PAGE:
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DEVELOPMENT REPORT – June 23, 2003: Solar Electric Light Fund - 2003-06-22

This is the VOA Special English Development Report.

Electric power has yet to reach some places in the world. In fact, a group called SELF estimates that about two-thousand-million people, or one in three, do not have electricity. This non-governmental organization is working to change the situation.

SELF is short for the Solar Electric Light Fund. The organization is based in Washington. It provides communities and governments with solar electric systems. These systems use what is called photovoltaic technology to change sunlight into electricity. The group says solar electric systems can be set up quickly in any village anywhere in the world. And they are safe for the environment.

A small solar electric system can feed a home, school or health center with several hours of electricity each day. Collectors placed on top of a building take in heat from the sun. This energy is then sent to a storage battery used to power equipment. A special charge controller is also needed to help direct the flow of electricity.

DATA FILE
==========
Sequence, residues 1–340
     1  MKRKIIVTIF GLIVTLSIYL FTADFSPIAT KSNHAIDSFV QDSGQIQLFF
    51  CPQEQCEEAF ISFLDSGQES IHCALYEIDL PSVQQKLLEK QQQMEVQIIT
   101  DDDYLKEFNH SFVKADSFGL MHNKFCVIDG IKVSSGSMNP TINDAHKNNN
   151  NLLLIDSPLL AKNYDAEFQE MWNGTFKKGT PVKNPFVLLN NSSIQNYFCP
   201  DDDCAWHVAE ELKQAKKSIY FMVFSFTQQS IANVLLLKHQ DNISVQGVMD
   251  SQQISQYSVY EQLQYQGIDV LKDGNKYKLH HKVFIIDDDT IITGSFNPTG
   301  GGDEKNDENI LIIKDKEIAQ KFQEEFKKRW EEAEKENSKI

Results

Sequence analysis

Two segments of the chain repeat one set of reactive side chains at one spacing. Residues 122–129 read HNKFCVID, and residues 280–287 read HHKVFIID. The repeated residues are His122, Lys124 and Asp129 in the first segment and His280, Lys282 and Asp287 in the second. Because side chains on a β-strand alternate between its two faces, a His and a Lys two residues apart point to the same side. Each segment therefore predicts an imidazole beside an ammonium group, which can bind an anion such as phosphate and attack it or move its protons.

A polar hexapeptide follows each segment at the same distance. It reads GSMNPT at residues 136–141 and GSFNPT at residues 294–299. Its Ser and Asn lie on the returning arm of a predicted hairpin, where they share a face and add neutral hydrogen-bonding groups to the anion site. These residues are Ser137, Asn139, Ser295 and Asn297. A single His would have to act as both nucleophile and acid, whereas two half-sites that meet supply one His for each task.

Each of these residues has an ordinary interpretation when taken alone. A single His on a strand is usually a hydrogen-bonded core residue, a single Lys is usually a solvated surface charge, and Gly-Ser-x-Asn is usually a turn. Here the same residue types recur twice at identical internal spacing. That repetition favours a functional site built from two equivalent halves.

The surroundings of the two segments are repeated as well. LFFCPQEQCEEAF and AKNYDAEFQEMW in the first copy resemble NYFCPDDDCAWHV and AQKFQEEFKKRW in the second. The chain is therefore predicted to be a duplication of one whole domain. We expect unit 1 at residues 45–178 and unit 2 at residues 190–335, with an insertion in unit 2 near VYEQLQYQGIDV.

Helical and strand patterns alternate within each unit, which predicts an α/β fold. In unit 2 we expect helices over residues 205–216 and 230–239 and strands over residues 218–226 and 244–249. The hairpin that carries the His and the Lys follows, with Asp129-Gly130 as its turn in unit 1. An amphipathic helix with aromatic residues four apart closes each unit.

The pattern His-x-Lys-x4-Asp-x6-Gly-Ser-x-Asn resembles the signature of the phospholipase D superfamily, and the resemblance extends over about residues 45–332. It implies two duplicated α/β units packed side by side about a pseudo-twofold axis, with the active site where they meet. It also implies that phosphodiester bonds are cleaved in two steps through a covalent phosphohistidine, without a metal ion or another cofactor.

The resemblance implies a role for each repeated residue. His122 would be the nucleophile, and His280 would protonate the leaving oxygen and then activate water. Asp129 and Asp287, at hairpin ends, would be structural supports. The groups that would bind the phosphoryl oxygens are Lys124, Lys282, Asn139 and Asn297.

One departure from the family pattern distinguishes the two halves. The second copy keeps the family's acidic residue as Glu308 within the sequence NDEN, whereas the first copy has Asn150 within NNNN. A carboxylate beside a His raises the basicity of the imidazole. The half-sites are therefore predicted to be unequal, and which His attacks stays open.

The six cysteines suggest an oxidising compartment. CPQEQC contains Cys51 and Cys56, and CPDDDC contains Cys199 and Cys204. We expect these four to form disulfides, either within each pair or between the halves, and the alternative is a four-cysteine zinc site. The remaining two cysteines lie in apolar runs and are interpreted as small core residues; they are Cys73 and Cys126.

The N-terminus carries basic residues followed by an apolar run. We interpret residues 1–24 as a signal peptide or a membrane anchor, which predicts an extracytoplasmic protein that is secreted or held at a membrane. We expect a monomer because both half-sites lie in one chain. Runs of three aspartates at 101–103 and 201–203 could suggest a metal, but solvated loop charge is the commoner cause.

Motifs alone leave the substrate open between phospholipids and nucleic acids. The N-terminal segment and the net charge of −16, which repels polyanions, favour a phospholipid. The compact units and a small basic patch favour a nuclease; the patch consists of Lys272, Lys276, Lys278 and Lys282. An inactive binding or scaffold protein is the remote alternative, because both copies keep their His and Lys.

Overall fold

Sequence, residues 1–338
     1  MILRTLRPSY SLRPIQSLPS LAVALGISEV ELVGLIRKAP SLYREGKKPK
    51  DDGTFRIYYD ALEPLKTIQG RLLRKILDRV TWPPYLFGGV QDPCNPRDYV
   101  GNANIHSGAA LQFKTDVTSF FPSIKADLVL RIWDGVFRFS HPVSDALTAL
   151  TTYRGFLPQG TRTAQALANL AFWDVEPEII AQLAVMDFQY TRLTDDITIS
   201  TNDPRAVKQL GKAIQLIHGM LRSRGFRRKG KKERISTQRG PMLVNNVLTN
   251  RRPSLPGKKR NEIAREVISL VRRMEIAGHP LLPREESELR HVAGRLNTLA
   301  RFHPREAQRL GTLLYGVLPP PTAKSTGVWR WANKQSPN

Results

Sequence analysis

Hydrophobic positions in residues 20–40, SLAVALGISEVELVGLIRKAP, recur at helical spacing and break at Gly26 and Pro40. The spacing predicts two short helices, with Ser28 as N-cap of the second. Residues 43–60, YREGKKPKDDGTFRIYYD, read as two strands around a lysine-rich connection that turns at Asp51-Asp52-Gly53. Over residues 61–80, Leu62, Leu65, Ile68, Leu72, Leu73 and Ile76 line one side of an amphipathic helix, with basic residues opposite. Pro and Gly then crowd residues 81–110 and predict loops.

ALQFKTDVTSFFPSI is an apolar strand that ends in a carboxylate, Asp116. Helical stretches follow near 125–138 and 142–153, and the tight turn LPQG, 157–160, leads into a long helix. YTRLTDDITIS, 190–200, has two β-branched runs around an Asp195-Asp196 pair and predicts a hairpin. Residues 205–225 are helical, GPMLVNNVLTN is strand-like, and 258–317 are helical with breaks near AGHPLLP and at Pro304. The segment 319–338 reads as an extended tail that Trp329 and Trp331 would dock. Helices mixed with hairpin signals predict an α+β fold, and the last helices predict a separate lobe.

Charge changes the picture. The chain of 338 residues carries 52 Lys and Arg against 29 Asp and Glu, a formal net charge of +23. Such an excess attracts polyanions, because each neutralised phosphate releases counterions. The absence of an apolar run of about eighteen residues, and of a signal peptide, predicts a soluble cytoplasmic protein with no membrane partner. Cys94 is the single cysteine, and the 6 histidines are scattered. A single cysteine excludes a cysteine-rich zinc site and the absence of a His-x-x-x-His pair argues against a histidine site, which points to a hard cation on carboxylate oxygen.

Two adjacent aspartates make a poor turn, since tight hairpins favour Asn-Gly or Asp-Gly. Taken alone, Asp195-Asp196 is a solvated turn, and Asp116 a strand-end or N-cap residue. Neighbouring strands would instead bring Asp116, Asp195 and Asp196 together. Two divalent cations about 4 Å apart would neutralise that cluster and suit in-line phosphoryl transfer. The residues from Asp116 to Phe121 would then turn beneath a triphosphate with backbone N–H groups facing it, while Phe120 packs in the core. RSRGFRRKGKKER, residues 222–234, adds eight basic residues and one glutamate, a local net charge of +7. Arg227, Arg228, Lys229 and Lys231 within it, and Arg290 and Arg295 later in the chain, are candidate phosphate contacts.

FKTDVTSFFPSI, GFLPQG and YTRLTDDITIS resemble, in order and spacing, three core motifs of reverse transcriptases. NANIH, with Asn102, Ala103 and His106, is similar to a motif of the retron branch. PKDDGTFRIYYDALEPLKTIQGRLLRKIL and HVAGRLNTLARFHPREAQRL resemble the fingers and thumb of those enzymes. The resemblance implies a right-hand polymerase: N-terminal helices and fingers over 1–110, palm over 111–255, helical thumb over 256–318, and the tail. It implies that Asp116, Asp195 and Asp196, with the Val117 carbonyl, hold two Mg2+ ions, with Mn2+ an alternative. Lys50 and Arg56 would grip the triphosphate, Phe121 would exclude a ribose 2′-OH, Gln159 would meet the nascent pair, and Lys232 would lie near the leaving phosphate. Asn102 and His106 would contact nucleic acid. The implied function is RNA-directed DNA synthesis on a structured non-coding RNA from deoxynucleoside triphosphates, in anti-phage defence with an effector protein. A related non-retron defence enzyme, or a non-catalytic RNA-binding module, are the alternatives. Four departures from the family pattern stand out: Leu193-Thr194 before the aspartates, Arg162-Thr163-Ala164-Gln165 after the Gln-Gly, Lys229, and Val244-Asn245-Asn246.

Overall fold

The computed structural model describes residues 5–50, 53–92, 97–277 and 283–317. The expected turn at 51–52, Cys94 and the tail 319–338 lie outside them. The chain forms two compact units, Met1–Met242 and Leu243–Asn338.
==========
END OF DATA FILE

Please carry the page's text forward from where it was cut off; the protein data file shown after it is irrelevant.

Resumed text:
SELF has solar electric programs in many developing countries. In South Africa, two schools along the country’s east coast use solar electric systems for lighting, televisions and computer centers. In the Solomon Islands, in the South Pacific, SELF is working to bring electricity to twelve health centers in the eastern province of Temotu. The islands within this province are about three-hundred-fifty kilometers away from the rest of the nation.

And in Brazil, scientists working in the Amazon rainforest use a solar electric system to power satellite communications equipment. Researchers communicate with other teams working in the rainforest.

SELF says energy from the sun is the only dependable way to meet the electricity needs of poor villages. Many communities still use candles, batteries and fuel-powered lights at night. Health centers do not have power to keep medicines cold. Schools have no electricity for copy machines or computers.

The group says solar energy, combined with wireless communications technology, can help bring less developed parts of the world into the twenty-first century. SELF is on the Internet at

This VOA Special English Development Report was written by Jill Moss.